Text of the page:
Synlait Farms look to improve returns

03:17, Mar 28 2013

Canterbury corporate dairy farmer Synlait Farms has told investors it plans to raise equity to help buy new farms and reduce debt.

From today, Synlait Farms shares are able to trade on the Unlisted share market but are yet to debut on the exchange.

Synlait Farms, with 70 staff, owns and manages 13 farms around mid-Canterbury consisting of 3942 irrigated hectares and 12,970 cows.

It supplies milk to its sister-company Synlait Milk, owned 49 per cent by Synlait Ltd, with the controlling 51 per cent stake held by China's second-largest dairy company, the part state-owned Bright Dairy & Food Co.

In an investor presentation released through the Unlisted market, Synlait Farms said the focus was now on improving returns from the existing farm portfolio.

Synlait Farms had sufficient water consents to irrigate the existing farms, with consents ranging in tenure from 10 to 35 years. It also had a shareholding and loan in Central Plains Water and agreements with CPL related to Te Pirita Irrigation Ltd.

These arrangements provide access to enough water from the Rakaia River to irrigate up to an additional 3000 hectares of land in the Te Pirita region.

The company intended to pursue growth opportunities through development of the surplus water rights at Te Pirita and the acquisition of complementary farms.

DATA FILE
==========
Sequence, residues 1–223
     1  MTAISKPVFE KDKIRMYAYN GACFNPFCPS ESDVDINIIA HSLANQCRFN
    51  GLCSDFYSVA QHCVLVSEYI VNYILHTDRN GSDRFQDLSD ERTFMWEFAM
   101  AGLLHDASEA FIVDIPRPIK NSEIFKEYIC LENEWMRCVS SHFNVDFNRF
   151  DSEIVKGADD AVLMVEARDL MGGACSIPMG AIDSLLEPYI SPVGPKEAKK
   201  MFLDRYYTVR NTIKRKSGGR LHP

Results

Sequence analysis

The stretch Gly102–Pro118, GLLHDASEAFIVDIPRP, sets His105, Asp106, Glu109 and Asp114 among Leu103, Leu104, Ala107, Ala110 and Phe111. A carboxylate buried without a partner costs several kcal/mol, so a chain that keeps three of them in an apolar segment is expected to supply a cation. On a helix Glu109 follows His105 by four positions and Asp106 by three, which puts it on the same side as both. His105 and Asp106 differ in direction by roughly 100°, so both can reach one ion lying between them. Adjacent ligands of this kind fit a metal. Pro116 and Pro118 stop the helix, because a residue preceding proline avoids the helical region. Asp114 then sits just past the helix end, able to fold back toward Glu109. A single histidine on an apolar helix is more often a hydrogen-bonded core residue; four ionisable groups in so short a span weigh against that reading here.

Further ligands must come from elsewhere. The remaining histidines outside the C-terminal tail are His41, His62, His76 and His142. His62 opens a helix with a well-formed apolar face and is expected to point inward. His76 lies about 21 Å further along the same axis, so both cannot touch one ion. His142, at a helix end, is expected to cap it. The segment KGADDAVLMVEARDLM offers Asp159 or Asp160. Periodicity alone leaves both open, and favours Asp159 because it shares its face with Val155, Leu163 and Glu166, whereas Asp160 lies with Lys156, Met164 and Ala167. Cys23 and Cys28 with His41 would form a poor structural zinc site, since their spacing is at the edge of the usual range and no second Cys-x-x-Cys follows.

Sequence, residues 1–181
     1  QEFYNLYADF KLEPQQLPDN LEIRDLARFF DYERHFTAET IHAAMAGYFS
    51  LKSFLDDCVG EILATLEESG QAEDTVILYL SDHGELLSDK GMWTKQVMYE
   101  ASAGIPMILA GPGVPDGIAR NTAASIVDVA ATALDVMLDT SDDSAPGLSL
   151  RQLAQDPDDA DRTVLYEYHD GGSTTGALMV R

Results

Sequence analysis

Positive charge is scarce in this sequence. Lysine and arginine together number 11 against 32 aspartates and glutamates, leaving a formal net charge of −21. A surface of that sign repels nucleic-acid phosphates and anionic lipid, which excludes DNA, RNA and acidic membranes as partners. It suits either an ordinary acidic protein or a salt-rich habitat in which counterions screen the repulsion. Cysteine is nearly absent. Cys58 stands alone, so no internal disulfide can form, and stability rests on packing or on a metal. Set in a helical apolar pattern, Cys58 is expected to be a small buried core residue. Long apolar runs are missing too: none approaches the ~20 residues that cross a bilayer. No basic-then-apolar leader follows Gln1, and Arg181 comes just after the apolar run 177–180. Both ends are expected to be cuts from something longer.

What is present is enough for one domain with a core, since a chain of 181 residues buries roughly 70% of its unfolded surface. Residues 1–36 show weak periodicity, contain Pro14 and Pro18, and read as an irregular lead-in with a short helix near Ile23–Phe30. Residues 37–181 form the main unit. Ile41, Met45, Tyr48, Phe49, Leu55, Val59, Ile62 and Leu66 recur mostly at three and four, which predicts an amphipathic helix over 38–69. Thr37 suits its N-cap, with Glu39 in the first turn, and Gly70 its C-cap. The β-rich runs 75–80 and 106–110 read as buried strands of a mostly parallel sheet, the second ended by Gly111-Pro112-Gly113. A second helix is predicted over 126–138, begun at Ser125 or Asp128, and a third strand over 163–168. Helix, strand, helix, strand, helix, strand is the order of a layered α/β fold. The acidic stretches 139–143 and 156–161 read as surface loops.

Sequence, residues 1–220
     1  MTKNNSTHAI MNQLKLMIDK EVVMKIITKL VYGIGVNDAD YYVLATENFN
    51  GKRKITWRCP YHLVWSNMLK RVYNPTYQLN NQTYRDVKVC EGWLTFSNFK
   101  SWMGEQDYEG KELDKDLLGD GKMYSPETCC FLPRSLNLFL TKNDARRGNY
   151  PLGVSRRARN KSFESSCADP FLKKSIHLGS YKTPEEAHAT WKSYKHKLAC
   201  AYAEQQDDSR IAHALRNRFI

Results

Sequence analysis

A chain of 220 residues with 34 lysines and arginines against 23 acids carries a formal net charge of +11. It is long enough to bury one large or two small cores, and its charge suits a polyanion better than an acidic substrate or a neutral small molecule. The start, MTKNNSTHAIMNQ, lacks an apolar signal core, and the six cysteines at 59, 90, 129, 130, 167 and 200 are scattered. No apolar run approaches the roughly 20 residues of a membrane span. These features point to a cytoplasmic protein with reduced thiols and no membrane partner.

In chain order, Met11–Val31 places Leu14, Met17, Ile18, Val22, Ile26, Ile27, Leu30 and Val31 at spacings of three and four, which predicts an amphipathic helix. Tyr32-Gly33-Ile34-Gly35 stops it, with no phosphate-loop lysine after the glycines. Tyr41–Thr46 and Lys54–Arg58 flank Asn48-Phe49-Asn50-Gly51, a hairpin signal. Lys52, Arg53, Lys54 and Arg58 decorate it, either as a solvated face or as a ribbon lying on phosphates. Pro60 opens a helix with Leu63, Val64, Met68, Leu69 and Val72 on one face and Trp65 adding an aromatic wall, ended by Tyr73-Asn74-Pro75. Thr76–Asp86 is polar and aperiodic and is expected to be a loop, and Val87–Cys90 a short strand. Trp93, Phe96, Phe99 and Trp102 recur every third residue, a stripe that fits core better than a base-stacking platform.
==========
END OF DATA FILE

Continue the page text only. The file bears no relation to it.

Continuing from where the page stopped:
It was committed to pursuing a process to raise equity to reduce debt, fund growth and create liquidity for shareholders over time, it added.

The presentation said Canterbury was becoming the leading dairying region in New Zealand, representing 16 per cent of New Zealand's milk supply. The region's milk supply had grown about 40 per cent since the 2009 season.

There was also significant investment in milk processing with further investment expected to support land with irrigation infrastructure. The region saw consistent production as it was less reliant on summer rainfall compared with other regions, and further investment in irrigation was likely over time.

Land was relatively cheaper than the Waikato on a per kilogram of milksolids basis.

Competitors for milk included Synlait Milk, Fonterra, Westland Milk Products with a potential new entrant Yili announcing plans to invest. Inner Mongolia Yili Industrial Group (Yili), China's largest dairy producer by market value, is reported to be planning to buy Oceania Dairy assets in South Canterbury.

Synlait Farms reported net profits before tax of $11.6 million for the 12 months to May 31, 2011 and $3.6m for the May 2012 year. Operating cash flows for the two subsequent years were $18.5m and $14.4m. The milk price for 2011/12 was around $6 per kilogram of milk solids.

The outlook for the 2013 season included a milk price forecast of $5.40 per kilogram of milk solids. Operating cash flow for the May 2013 year would be down from 2012 proportionate to the milk price decline, to about $11m.

Synlait Milk and Synlait Farms have several shareholders in common. In 2000 Synlait was founded by dairy farmers Ben Dingle, Juliet Maclean and agri-scientist John Penno to develop dairy farms in mid Canterbury.

The founders control Synlait Farms. Dingle and Maclean hold 17.4 per cent each and Penno 15.25 per cent and the rest is held by smaller shareholders.

Synlait Farms said an example farm was Dunsandel 1, a 322-hectare property including 30ha of leased land, with a manager and four permanent staff. With pivot irrigation the farm's 1,200 cows had produced 479,000 kilograms of milksolids - almost 400 kilograms of milksolids, in the 2011-12 season.

The farm with five farm houses and a 50-bale rotary dairy had a valuation of $11.7m.

The average tenure of Synlait Farm farm managers was about six years.


The Press